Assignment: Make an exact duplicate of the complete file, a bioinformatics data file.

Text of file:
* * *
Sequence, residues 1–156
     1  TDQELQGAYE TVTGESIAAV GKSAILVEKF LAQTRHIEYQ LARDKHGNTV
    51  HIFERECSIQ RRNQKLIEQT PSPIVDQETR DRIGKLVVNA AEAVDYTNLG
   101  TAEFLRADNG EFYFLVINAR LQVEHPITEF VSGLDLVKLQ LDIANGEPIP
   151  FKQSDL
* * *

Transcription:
Sequence, residues 1–156
     1  TDQELQGAYE TVTGESIAAV GKSAILVEKF LAQTRHIEYQ LARDKHGNTV
    51  HIFERECSIQ RRNQKLIEQT PSPIVDQETR DRIGKLVVNA AEAVDYTNLG
   101  TAEFLRADNG EFYFLVINAR LQVEHPITEF VSGLDLVKLQ LDIANGEPIP
   151  FKQSDL